hey everyone i am new to weight lifting and excercise my current routine is the bodyweight every evening then i do 5 sets of 5 reps bench press 5 sets of 5 reps preacher curl and bicycle crunches til failure and 5 sets of 5 squats comments criticism please and thanks in advance!
That's not a bad routine if you're just starting up again. However, It wouldn't hurt to add some shoulder press, and deadlifts to the mix.
i honestly dont have access to a gym for deadlift any suggestions?
If you can benchpress, then you can deadlift! Just put the bar on the floor, put weights on, and pick it up!
BTW I like the 5x5 routine. Big gains in strength and mass if you eat properly.
i figured i would need to protect the floor but ok ill try it !
Just don't drop the bar, set it down
good point lol
The bar should be mid-shin level, that means finding something to prop it up is important.
The 5 x 5 works well physiologically, but not so well phsychologically, it generally lacks that motivating feel-good "pump" what the more usual kinds of body building have.
I don't understand 5 x 5. If in the third go with this weight you can do 5, then it means in the first go you could do 10 and in the last go you can only do 3. Because muscle tires. So how do people do the same amount of reps in every go? I typically do 10, 8, 6, 6, 4. With the same weight. if increased weigth then 15 (aka warm up), 10, 7, 4, 2, 1, 1, 1 with help.
I believe the point behind it is that you don't work to failure every set. Yes you could do more reps on the first set but it wears you out faster and ends with you doing less in the long run. I think working to failure also leads to more injuries. This being said there are stacks of guys on here that know more than me on the subject.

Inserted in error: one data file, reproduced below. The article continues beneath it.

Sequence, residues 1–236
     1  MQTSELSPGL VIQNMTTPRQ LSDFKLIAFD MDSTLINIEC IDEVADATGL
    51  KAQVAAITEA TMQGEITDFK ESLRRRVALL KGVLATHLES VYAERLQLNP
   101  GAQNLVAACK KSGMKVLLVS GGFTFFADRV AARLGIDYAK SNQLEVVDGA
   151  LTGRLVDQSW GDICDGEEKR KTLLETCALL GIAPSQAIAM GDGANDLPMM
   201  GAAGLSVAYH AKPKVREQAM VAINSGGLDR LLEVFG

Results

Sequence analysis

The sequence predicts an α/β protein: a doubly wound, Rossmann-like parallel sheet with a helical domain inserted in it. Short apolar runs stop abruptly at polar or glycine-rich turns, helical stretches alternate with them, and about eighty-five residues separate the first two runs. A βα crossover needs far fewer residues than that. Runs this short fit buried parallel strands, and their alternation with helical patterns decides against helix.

If you rest properly (3-4 minutes between sets) and you have eaten well and are fueled up for your work out, then you can achieve sets of the same weight and same rep. So I'm saying, if you can do 10 reps on your first set with X weight, then you should be able to do 10 on all following sets, if you've rested ~3-4 minutes. The whole idea though with 5x5 is to improve your strength (not muscular size, those are two different training approaches - think body building vs. power lifting). To improve your strength, you need to lift heavier weights. Heavier weight takes more energy out of you, so you have to repeat it fewer times. Hence 5x5 - it's just a good place to start. You should also speckle in some 3x3's and 1x3's to get maximum benefit. But yeah, to respond to your comment, I say Resting is Key!
It depends on which 5x5 program you're using. Mehdi's Stronglifts is 5x5 across, meaning all five sets of five repetitions are performed using the same weight. Reg Park (Arnie's mentor) and Mark Rippetoe's 5x5 ramps the first two sets, with the last three sets performed at working weight (e.g. set 1 @ 60% workweight, set 2 @ 80% workweight, set 3-5 @ 100% work weight). Bill Starr and Madcow ramped the first four sets with the last set of five being the only set performed at your working weight (Bill Starr's program was also performed as a circuit).
Stronglifts, performed across, is a basic beginners powerlifting routine. I mean this seriously, basic beginners. It is designed to take a completely untrained individual into the "novice" level of powerlifting. Notice what I said there, untrained-to-novice. While the Stronglifts program could be milked for about a year or more, depending (on a lot of factors), it is what it is; and eventually, working heavy at five across three times a week is going to be too much volume and you won't be able to recover. In fact, it is worked into the program itself; after stalling three times at an exercise, change to 3x5 across. After stalling three times at an exercise on 3x5 across, change to 1x5. Once you start stalling your exercises at 1x5, it's time to change programs.